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Ethics probe into Pennsylvania Rep. Mike Kelly intensifies

Ashley Murray and Joel Jacobs, Pittsburgh Post-Gazette on

Published in News & Features

PITTSBURGH — In the days leading up to a planned layoff of 1,400 steelworkers in Butler last year, U.S. Congressman Mike Kelly and his staff scrambled to secure the Trump administration’s help in protecting the plant’s Cleveland-based owners from cheaper, foreign imports.

As plans were moving forward to shut down AK Steel Butler Works, federal officials quietly contacted the company on April 28, 2020, to say they would look into helping to protect the facility: the last remaining U.S. producer of special steel for the nation’s electrical grid.

It was welcome news to the Pennsylvania lawmaker’s staff who were apprised of the decision — and the canceling of the plant’s imminent closure.

The next day, the Republican lawmaker’s wife, Victoria Kelly, bought thousands of stock shares in Cleveland-Cliffs, the parent company.

The purchase, first revealed by the Pittsburgh Post-Gazette last year, is detailed in a scathing report by an independent panel of congressional investigators, which found “substantial reason” to believe that the congressman’s wife made the transaction based on confidential information picked up by her husband while carrying out his official duties as a member of Congress.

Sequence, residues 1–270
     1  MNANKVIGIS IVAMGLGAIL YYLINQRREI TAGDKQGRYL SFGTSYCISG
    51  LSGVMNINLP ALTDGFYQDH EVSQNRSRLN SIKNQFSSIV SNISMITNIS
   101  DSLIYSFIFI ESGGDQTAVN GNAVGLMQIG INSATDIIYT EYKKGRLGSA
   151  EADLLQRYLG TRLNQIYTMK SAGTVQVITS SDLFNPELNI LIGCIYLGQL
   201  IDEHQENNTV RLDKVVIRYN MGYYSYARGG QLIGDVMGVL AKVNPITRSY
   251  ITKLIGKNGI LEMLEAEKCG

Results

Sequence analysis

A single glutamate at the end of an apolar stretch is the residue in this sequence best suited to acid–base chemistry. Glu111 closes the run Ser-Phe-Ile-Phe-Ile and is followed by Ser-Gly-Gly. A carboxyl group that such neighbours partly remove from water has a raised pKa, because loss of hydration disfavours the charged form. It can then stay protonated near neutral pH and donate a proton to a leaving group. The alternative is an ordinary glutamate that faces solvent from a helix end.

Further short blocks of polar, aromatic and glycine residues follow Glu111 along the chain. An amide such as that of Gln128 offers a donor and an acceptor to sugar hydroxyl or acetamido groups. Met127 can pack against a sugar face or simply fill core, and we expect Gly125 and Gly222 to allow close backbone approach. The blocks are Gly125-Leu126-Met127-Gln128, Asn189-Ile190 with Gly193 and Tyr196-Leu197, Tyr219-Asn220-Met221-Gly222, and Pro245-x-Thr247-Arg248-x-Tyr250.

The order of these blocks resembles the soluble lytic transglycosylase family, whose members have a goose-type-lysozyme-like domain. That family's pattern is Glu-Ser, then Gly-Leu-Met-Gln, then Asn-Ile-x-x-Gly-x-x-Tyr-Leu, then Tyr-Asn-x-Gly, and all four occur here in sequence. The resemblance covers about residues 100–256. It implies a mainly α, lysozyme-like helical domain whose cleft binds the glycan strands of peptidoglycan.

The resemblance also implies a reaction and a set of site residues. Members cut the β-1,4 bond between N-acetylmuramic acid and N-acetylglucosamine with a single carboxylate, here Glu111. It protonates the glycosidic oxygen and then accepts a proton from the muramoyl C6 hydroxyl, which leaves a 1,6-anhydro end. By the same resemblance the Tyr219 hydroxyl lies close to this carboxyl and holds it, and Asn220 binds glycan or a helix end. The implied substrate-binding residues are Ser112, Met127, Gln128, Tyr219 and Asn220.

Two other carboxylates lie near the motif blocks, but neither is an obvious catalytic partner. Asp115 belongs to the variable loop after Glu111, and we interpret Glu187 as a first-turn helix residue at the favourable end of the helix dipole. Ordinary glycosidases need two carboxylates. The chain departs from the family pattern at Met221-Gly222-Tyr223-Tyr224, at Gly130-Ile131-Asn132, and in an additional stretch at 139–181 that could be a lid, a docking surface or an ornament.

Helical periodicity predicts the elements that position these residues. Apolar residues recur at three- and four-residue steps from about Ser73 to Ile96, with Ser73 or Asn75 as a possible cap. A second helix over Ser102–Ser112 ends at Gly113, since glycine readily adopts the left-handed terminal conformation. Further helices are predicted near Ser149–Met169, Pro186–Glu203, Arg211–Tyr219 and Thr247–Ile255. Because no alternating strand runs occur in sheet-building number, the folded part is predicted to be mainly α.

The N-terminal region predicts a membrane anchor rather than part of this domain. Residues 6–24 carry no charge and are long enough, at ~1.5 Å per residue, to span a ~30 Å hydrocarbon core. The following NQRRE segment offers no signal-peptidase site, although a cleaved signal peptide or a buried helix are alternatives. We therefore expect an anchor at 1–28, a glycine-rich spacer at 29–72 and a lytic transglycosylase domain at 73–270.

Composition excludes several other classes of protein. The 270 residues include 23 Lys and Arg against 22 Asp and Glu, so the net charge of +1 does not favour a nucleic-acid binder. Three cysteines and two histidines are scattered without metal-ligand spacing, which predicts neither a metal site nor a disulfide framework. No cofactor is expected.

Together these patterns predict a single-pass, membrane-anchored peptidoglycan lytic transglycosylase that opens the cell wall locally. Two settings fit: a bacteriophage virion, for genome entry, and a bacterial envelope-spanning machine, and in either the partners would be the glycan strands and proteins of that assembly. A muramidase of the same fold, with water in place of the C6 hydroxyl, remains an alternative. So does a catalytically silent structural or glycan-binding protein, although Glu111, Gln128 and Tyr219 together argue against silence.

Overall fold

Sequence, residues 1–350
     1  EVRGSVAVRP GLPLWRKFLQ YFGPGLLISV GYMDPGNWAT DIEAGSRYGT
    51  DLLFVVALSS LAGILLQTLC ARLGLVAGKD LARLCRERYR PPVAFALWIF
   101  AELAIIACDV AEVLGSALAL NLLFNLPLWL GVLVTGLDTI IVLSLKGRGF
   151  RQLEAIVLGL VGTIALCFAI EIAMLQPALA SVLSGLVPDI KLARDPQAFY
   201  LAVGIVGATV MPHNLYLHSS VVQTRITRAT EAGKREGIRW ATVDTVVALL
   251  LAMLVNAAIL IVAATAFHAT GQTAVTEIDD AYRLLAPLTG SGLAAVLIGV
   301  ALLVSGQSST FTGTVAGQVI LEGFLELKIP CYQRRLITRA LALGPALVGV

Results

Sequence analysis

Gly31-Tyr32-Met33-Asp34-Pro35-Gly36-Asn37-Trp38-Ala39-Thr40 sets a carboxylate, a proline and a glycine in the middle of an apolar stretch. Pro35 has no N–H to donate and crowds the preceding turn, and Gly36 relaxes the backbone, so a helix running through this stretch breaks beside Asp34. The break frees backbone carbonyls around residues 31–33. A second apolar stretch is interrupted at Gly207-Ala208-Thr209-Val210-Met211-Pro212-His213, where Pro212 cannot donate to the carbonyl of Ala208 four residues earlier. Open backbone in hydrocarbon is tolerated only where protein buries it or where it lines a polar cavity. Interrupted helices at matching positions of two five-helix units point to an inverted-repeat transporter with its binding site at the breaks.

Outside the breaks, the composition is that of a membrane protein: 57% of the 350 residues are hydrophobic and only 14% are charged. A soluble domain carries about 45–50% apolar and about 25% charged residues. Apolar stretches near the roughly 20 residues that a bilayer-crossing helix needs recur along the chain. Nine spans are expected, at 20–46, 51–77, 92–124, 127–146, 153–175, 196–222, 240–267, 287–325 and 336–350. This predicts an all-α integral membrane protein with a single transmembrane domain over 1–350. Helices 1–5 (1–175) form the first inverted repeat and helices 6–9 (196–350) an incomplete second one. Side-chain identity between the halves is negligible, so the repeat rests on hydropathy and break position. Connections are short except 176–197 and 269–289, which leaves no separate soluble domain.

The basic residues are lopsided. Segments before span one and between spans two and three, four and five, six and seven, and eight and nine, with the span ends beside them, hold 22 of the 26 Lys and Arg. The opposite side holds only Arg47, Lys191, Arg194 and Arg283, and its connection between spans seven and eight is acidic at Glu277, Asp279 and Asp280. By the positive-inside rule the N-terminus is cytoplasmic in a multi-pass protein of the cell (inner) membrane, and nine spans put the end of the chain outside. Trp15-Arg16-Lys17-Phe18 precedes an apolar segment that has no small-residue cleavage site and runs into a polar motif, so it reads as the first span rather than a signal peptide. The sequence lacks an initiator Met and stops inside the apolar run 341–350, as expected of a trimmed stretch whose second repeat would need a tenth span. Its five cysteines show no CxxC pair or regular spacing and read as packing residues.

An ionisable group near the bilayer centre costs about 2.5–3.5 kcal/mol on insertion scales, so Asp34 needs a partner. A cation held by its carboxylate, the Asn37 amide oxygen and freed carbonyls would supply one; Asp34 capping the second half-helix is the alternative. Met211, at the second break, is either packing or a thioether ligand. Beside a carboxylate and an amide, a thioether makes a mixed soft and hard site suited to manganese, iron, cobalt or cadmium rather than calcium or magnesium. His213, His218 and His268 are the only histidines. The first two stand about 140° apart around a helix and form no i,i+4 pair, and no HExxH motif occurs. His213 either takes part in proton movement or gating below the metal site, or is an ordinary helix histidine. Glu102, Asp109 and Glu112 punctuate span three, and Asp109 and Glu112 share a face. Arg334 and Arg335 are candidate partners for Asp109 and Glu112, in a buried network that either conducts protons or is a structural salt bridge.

The recommendations by the Office of Congressional Ethics were unveiled on Thursday with interviews, texts and emails that attempt to show Kelly’s knowledge of the Trump administration’s actions, as well as “anomalies” in his wife Victoria’s stock purchase before news of the company’s victory was made public.


The report calls on the U.S. House Committee on Ethics to issue subpoenas for both Kelly, of Butler, and his wife, as well as former U.S. Commerce Secretary Wilbur Ross and Kelly’s former chief of staff — all of whom did not cooperate in the probe.

In less than a year, her investment would reap anywhere from $42,800 to $142,000, according to a Post-Gazette analysis.

Thomas W. King III, an attorney for Kelly, called the report “fatally flawed” and “noticeably devoid of any evidence of misconduct.”

Dylan Hedtler-Gaudette, government affairs manager for Project On Government Oversight, a nonpartisan watchdog group, said the findings and recommendations were an “extraordinary situation.”


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